The first pegfilgrastim biosimilar Fulphila Pegfilgrastim Biosimilar Launchedlgrastim (Fulphila™) in the US has begun marketing, and Mylan/Biocon are offering a 33% discount to the wholesale acquisition cost (WAC) of the originator product Neulasta®. The Center for Biosimilars reported a communication from Mylan confirming the action. This is a watershed moment for the pegfilgrastim category and could signal the beginning of large savings opportunities for payers and patients.

At a WAC of $4,175 per syringe, the pegfilgrastim biosimilar may be very attractive to health plans and insurers. It is also assumed that this will effectively drive down the average sales price (ASP) of the category over time. The ASP includes the WAC as well as any rebates or discounts given by the manufacturers.

The pegfilgrastim biosimilar, like the reference drug, Amgen’s Neulasta, is approved to decrease the incidence of infection as manifested by febrile neutropenia in patients receiving myelosuppressive chemotherapy.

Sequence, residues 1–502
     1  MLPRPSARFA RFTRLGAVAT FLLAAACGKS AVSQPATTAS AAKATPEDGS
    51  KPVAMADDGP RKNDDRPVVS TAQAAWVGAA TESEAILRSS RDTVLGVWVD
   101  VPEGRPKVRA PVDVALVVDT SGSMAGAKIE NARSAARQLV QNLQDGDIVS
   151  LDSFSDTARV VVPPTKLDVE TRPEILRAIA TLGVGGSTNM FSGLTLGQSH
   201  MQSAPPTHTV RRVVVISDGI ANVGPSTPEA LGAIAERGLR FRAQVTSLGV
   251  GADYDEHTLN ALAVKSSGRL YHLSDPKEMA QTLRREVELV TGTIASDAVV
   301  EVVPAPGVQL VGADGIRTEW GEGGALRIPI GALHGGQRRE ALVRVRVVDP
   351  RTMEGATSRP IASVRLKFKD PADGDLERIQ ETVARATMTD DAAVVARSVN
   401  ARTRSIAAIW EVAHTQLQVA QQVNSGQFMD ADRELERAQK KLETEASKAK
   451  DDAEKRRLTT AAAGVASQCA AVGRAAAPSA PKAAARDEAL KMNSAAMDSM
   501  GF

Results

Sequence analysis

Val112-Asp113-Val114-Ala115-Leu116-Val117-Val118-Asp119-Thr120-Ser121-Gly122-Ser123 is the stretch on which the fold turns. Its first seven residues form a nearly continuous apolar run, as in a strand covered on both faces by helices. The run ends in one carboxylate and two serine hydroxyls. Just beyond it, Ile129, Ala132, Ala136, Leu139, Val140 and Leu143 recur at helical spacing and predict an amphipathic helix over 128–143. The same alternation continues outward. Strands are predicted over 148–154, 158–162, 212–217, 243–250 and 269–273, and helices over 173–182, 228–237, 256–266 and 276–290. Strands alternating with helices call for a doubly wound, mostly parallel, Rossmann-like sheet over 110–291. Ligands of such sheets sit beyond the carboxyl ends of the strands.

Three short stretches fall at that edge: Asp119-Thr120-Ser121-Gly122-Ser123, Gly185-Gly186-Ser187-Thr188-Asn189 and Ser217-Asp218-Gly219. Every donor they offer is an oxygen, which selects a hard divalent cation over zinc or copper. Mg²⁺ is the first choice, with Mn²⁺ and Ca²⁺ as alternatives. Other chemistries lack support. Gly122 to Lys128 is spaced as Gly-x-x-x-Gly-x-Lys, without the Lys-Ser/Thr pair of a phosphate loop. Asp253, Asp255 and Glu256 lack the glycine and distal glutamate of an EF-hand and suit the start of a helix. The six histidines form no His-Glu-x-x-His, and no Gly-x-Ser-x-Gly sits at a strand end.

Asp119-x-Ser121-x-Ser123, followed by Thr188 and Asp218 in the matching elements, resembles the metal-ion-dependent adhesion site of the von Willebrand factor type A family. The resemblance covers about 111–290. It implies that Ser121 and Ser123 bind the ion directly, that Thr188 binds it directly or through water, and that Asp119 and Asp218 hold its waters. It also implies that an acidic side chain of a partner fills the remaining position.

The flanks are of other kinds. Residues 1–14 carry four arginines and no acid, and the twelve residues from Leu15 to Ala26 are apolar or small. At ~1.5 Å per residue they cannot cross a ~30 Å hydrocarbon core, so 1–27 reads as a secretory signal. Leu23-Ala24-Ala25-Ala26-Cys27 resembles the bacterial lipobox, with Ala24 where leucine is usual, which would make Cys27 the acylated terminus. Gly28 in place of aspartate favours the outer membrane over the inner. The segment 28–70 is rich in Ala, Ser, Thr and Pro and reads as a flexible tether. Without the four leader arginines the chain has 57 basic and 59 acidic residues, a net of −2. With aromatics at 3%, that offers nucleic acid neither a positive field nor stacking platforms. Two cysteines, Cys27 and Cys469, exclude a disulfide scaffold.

Although patent litigation between the partners and the maker of the originator product (Amgen), Mylan/Biocon have decided to launch at risk. This means that if the District Court sides with Amgen, Mylan’s could face large financial penalties, including profits on the sales of the biosimilar.

FDA Advisory Committees on Biosimilar Applications: Mylan’s Latest Muddies the Waters Further

When the Food and Drug Administration (FDA) approved the first biosimilar pegfilgrastim (Mylan’s Fulphila™), it broke precedent in more ways than one. Not only was this the first biosimilar member of the pegfilgrastim class to be approved, but its approval did not require an FDA Advisory Committee recommendation.